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40 High Street Leighton Buzzard

40 High Street June 2008
40 High Street Jun 2008

The Manor of Leighton Buzzard alias Grovebury was the principal landowner in the town before the 19th century. Bedfordshire & Luton Archives & Records Service has a full run of court rolls from 1393 to 1727 [KK619-715] and another full run from 1704 to 1867 [X288/1-23]. The service also has court rolls for other manor to own land in the town, the Prebendal Manor, from 1448 to 1459, 1588 to 1591, 1611 to 1622, 1627 and 1631 [KK792-1798]. A fair number of buildings in the High Street were originally copyhold and a detailed study of these court rolls would probably produce quite detailed histories for a number of properties and the sites on which they stand, though it would take many years of study.

40 High Street was listed by the former Department of Environment in 1975 as Grade II, of special interest. The property dates from the early 18th century and is brick built using a local bond of grey headers dressed with red brick. The roof is tiled with a hipped dormer window and the building has two storeys and attics.

A project called Our High Street Revisited 1819-2000 by Leighton-Linslade Local History Research Group [CRT130Lei58] aimed to use directories and census records to try to establish as full a history of use of the building in the High Street as possible. The results for Number 40 are as follows:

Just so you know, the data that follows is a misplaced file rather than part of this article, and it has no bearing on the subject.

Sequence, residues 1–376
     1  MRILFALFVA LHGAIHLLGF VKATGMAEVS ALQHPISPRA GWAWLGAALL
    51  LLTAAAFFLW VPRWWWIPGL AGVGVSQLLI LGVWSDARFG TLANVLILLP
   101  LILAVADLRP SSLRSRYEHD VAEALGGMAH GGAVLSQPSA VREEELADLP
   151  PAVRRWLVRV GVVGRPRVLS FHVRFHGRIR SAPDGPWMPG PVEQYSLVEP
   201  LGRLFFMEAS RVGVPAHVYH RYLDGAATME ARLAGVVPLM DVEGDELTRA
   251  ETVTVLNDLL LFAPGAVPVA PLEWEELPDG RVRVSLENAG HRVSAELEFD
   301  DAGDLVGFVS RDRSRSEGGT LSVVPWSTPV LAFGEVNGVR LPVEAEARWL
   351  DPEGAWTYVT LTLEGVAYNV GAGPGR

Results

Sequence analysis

• 1819: E. Rolfe;
  • 1841-1851: house of Elizabeth Rolfe;
  • 1861: empty;
  • 1871: house of Mary A. Procter;
  • 1881-1891: unoccupied, used as a solicitor's office;
  • 1965: Cumberland & Hopkins; H. W. Clough, auctioneer;
  • 1986: W. S. Johnson and Company, auctioneers;
  • 2000: Chilterns Estate Agents;
  • 2008: Chinese Acupuncture and Herbs

Under the terms of the Rating and Valuation Act 1925 every piece of land and building in the country was assessed to determine the rates to be paid on them. Leighton Buzzard was assessed in 1927 and the valuer visiting 40 High Street [DV1/R74/77] noted that the owner was Henry William Clough, certified bailiff and occupied by Cumberland and Hopkins, auctioneers and insurance agents at a rent of £55 per annum. The building had an unused basement and the ground floor comprised a general office measuring 14 feet by 17 feet and a private back office of 14 feet 6 inches by 14 feet. The first floor consisted of a drawing office measuring 10 feet by 14 feet, another office of 10 feet by 16 feet and a store room measuring 10 feet by 14 feet. The attic contained a store. A sale yard measuring 45 poles ("very little used") stood outside.